Gluten is at the heart of media debates at a time when so-called “civilization” diseases are on the rise. If you are health conscious then everything you need to know about Gluten is mandated.
This protein, which is mainly found in wheat flour, is the cause of intolerance, especially at the digestive level.
We note that more and more people have decided to reduce or even eliminate gluten from their diet.
Is it really necessary to avoid gluten in your diet? What are the benefits of following a gluten-free diet? And what are gluten-free foods? So let’s start with Gluten-Free Foods details.
What is gluten?
Gluten comes from the Latin gluten which means “glue”: this name is linked to the fact that when we extract the starch from cereals that contain gluten, we obtain a viscous and elastic mass.
Gluten is a group of proteins, 80% present in cereals. It is itself made up of two subgroups of proteins: glutenins, insoluble in alcohol, and prolamins, soluble in alcohol.
These prolamins are toxic molecules for the body and there are different kinds for each grain: gliadins for wheat, secalins for rye, hordein for barley, and avenin for oats.
Gluten is formed when flour is mixed with water, acting as a binder, texturizer, and stabilizer so popular in our modern cuisine.
What is gluten used for?
Gluten is therefore the protein that gives the dough its elasticity, its cohesion and allows it to rise.
Indeed, when kneading the dough, a gluten network is formed and its properties give it the ability to bind water to hydrate the flours and give the dough a less sticky texture.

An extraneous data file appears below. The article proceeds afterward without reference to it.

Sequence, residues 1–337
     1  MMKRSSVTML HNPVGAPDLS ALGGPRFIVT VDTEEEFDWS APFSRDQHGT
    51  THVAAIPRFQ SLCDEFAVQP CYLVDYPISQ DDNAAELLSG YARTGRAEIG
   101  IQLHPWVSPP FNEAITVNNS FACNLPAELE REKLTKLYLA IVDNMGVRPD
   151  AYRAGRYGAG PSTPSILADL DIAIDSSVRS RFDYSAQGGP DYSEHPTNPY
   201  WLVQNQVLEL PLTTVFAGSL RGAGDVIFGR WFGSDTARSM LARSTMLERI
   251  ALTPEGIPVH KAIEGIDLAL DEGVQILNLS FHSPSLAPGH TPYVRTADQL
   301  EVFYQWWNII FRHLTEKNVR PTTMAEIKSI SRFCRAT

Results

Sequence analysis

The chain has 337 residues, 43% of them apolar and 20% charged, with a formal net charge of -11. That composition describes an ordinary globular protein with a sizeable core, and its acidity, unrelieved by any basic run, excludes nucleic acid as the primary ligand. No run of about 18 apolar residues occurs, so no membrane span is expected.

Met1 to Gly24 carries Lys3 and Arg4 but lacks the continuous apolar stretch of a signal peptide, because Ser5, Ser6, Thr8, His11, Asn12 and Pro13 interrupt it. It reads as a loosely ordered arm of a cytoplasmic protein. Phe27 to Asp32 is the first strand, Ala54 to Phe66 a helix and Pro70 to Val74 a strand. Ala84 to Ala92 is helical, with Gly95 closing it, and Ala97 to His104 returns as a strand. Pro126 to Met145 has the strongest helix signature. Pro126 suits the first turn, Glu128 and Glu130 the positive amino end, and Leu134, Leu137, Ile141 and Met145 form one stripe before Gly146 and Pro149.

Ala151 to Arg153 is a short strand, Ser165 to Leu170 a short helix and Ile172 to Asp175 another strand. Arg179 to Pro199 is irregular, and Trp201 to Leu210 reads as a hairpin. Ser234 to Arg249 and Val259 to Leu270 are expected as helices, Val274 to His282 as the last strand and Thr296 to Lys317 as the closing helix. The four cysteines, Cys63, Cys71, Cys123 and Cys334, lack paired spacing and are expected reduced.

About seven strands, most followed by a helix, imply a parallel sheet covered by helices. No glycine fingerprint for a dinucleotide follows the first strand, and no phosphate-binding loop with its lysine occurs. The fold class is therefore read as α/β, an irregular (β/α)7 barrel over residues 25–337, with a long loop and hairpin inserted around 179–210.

This gluten network also has the ability to retain gas, allowing the bread to gain more volume and form an elastic crust and therefore less fragile.
Finally, gluten provides a crumb that is both airy and soft. Gluten, therefore, meets all the criteria for obtaining good leavened bread, but it is also found in many products, such as meats, cold cuts, or ready-made meals, to bind, thicken and give texture to industrial preparations.
This is why wheat flour is used so much in cooking: not only is it inexpensive, but it gives culinary preparations a perfect consistency.
What foods are gluten-free?
Here is a non-exhaustive list of gluten-free foods:
- Dairy products.
Gluten-free dairy products are plain milk (fresh or pasteurized), plain yogurt, Fromage blanc, plain petits-suisse, and all cooked cheeses, soft or pressed. Dairy products to avoid are those containing cereals or muesli.
- Cereals, flour and starch.
Gluten-free cereals and their derivatives (starch, flour, starch, cream, semolina, or flakes) are corn, rice, soybeans, buckwheat, cassava, quinoa, millet, potato starch, corn starch.
Grain products to avoid are all wheat, barley, oat, rye-based products: bread, pasta, pastries, cookies, pizzas, quiches, pie crusts, breadcrumb, etc.
Gluten-free legumes are lentils, chickpeas, dried beans, red beans, flageolet beans, etc. Chestnuts and their derivatives (flour, cream, flakes, etc.) are also gluten-free.
- Seeds and oilseeds.
The seeds and oilseeds are all gluten-free but they must be eaten plain, not dry roasted, neither salted nor spicy: walnuts, hazelnuts, almonds, pistachios, sesame, flax.
- Meats and poultry.
All-natural meats and poultry are gluten-free, eaten fresh or frozen. The “pure beef” ground steaks and plain offal are also gluten-free.
- Cooked meats.
Gluten-free cold cuts are white ham, raw ham, bacon, salted breast, smoked or not, plain sausage meat.
Cold cuts to avoid are puff pastry and breaded cold cuts.
- The fish.
Gluten-free fish are natural fish, whether fresh, salted, smoked, or frozen. Canned fish in brine and in oil, seafood, crustaceans, and mollusks are also gluten-free.
All eggs are gluten-free.
- Fatty substances.
All butter is gluten-free as well as fats such as veg, oil, lard.
- The vegetables.
The vegetables are all gluten-free, whether they are fresh, dry, frozen. The vegetables to avoid are those already prepared in sauce or soup.
- The fruits.
All fresh, frozen fruit is gluten-free. The same goes for dried fruits, in compote or in syrup, canned. Regarding candied fruits, it is recommended to find out if there are no traces of gluten.